Warner Bros. has announced that Ben Affleck will take on the role of Batman in the studio’s upcoming film featuring Batman and Superman.  Henry Cavill will return as Superman following “Man of Steel.”  The film, to be directed by Zack Snyder, will open July 17, 2015.   The film is based on the DC Comics characters, and based on a Comic-Con report, could draw partial inspiration from “The Dark Knight Returns.”  The film is as yet untitled.

Affleck most recently starred in the Academy Award-winning film “Argo.”  He previously played a superhero in 2003′s “Daredevil,” based on the Marvel Comics character.

Nigeria’s film industry, the world’s second largest by films made, generates about $800 million a year in revenue, according to London and Lagos-based distributor iROKO Partners Ltd.

Nigeria started producing movies in the 1960s, though modern Nollywood started with Kenneth Nnebue’s 1992 drama “Living in Bondage” establishing the themes of marital discord, greed and conflicts between Christianity and traditional faiths.

Ben Child 

theguardian.com

Hollywood is failing to include enough gay characters in its movies, according to a new report by the US action group Glaad.

The organisation, formerly known as the Gay & Lesbian Alliance Against Defamation, found that fewer than 15% of films from the six major studios last year featured gay characters, and almost all were in minor roles.

WENN.com

The mayor of Rio de Janeiro has offered to fund Woody Allen's next movie if the filmmaker shoots it in his city.

Eduardo Paes is so desperate to get the director to Brazil that he will cover Allen's production costs if he agrees to film there.

He tells O Globo, "I really want him to come! I did everything. I've talked to his sister, I've sent him a plane ticket through (architect Santiago) Calatrava, his neighbour in New York, and I would pay anything for him to come shoot here...

By: Ruth Steyn 

For many decades, animation has been the preserve of the entertainment industry. The legacies of Walt Disney, Warner Bros, Hanna Barbera, and more recently, Pixar, have firmly established animation's value in terms of storytelling.

However, over the years, other industries have seen the potential of animation to reach audiences and convey powerful messages, and slowly but surely the reach of animation has expanded far beyond the borders of pure entertainment.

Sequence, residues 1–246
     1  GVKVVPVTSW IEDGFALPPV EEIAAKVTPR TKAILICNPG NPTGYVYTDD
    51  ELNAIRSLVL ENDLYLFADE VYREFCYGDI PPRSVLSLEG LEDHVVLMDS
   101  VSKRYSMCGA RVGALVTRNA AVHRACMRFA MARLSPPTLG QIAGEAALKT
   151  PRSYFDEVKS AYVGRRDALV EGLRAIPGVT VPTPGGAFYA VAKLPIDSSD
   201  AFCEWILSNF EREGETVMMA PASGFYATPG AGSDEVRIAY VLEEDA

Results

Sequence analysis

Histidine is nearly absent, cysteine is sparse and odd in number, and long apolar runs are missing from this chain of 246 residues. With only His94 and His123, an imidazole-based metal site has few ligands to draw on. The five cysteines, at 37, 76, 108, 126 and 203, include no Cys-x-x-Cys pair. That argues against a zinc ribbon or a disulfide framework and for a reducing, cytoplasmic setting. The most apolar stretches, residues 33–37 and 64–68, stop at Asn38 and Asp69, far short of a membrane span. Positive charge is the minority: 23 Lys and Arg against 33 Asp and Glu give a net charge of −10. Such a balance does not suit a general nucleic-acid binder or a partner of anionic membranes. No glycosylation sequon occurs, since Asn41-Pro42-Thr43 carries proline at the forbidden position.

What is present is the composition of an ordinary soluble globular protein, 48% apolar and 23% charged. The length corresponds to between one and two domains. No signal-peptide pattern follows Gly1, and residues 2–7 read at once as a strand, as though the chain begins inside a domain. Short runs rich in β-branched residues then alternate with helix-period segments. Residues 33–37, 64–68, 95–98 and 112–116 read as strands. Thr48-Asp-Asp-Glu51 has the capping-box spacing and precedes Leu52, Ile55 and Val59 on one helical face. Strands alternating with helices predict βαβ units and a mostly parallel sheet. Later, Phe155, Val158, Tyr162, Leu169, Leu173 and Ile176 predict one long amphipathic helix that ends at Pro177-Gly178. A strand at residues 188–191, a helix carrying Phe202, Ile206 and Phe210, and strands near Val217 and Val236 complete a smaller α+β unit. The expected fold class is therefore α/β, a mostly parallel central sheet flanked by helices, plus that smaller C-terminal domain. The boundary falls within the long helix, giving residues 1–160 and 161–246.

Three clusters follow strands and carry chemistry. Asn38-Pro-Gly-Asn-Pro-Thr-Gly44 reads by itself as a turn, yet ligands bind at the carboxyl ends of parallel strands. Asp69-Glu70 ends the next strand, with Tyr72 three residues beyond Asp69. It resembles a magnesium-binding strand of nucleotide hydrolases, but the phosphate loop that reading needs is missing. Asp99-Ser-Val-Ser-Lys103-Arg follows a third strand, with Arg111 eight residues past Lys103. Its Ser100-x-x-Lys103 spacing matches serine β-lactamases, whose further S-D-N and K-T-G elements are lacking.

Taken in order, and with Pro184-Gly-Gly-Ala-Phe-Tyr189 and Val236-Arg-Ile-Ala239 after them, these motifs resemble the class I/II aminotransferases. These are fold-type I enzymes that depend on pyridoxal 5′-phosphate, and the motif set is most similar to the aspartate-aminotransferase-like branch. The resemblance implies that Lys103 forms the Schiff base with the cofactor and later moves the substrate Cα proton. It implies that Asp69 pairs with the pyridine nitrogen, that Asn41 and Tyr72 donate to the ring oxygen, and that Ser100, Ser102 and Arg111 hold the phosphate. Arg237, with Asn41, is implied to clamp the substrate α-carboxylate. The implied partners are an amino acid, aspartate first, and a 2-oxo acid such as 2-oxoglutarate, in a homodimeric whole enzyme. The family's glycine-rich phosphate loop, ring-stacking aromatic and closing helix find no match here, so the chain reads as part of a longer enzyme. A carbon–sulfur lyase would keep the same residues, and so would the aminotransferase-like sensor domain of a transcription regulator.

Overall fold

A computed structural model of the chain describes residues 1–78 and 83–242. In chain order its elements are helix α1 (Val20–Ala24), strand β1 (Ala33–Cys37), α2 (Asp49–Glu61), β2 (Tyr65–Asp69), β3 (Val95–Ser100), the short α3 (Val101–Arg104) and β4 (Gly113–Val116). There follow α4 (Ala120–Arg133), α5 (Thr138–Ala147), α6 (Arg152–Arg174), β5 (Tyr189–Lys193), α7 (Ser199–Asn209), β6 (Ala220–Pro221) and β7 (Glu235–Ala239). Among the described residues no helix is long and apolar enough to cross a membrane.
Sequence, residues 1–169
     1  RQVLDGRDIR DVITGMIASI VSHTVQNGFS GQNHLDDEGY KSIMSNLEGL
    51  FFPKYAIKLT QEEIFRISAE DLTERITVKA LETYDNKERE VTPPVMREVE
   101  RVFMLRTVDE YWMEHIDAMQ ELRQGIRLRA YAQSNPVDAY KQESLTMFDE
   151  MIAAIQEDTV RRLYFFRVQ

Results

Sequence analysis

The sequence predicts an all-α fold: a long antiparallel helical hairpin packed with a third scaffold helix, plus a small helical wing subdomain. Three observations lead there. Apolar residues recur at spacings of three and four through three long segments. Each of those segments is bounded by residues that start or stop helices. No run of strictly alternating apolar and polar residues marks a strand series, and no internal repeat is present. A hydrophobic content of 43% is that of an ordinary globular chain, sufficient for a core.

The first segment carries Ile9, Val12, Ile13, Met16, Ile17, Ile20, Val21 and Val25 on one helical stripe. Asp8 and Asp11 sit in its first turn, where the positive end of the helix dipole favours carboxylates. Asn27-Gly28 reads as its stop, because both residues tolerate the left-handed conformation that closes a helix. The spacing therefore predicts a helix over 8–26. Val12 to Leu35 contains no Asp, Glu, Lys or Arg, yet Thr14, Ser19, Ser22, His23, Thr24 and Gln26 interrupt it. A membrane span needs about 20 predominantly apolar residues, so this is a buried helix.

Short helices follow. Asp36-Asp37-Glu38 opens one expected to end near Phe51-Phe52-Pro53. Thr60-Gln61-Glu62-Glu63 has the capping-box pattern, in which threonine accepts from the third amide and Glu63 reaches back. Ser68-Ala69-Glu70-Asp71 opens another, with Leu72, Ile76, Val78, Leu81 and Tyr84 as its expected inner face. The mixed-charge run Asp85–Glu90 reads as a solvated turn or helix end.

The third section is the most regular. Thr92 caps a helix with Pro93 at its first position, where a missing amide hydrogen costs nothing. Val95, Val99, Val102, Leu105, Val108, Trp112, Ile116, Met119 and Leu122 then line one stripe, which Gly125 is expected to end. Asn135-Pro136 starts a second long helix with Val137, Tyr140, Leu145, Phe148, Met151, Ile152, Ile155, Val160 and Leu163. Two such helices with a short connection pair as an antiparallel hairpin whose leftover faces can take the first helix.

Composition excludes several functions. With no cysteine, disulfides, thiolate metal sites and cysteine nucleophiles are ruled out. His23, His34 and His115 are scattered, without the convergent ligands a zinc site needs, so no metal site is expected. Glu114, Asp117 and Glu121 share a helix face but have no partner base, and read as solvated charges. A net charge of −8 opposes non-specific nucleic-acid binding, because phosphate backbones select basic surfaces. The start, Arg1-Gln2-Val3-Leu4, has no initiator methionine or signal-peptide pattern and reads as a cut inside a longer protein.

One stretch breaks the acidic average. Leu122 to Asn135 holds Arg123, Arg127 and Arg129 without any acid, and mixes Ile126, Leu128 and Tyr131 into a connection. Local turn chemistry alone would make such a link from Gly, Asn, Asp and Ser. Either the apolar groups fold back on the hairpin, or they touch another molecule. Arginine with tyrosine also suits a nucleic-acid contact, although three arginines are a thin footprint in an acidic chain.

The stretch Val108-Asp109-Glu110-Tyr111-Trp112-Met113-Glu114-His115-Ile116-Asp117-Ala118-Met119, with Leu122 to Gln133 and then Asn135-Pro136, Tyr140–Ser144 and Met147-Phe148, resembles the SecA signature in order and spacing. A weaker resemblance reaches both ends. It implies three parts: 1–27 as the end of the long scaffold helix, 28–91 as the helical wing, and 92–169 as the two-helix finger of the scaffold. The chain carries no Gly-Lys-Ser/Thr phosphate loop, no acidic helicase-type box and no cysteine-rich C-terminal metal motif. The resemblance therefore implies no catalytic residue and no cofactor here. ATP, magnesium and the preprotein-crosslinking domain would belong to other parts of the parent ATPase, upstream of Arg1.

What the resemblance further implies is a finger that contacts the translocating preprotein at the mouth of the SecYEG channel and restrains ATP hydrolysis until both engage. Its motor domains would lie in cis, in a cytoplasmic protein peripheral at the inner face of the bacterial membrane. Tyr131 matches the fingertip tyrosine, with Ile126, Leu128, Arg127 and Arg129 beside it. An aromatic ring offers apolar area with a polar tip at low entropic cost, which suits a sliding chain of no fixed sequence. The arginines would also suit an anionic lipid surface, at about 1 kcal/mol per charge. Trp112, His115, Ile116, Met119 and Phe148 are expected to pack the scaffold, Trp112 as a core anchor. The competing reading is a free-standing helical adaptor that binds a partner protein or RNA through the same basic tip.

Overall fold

TORONTO - Kate Winslet, Colin Firth, Nicole Kidman, Jude Law and Hugh Jackman are among the A-listers heading to next month's Toronto International Film Festival.

Festival organizers say this year's star-packed guest list also includes Sandra Bullock, Marion Cotillard, Daniel Radcliffe, Reese Witherspoon and Kristen Wiig.

The details emerged as the final films were announced for the movie marathon, bringing the final count to 288 features and 78 shorts bound for the fest.

"Escape From Tomorrow," the unauthorized independent film shot guerrilla-style at Disney theme parks, is headed to movie theaters and TV sets, resolving a long-running question about the commercial status of one of the year's most provocative movies.

Randy Moore’s black-and-white Surrealist feature will be released commercially by PDA, the distribution offshoot of the sales and management company Cinetic Media, on Oct. 11, according to a PDA spokesman.

Kevin Ritchie 

After eight years with Participant Media, Courtney Sexton (pictured) is leaving  to join CNN Films as senior director.

As Participant’s director of documentary production, she oversaw the development, production and release of feature docs such as An Inconvenient Truth, Food Inc., Standard Operating Procedure and Last Call at the Oasis.

James White

Well, that really is the strangest teaser for a Star Wars film we could imagine… Which is why we can all go ahead and assume it’s for something else that J.J. Abrams and his legion of Bad Robots is working on. But what?

It’s certainly a compelling piece of of footage, featuring a ragged man struggling on to a beach from the ocean as a gravelly narration talks about endings and beginnings.

by Barry Hertz

After spending weeks slowly doling out information about the big Hollywood and foreign films coming to the Toronto International Film Festival, organizers on Wednesday revealed which homegrown projects would be unspooling this September. From Quebec’s own enfant terrible Xavier Dolan to the late Cory Monteith, this year’s slate promises something for nearly every demographic—even those who typically shy away from made-in-Canada productions.
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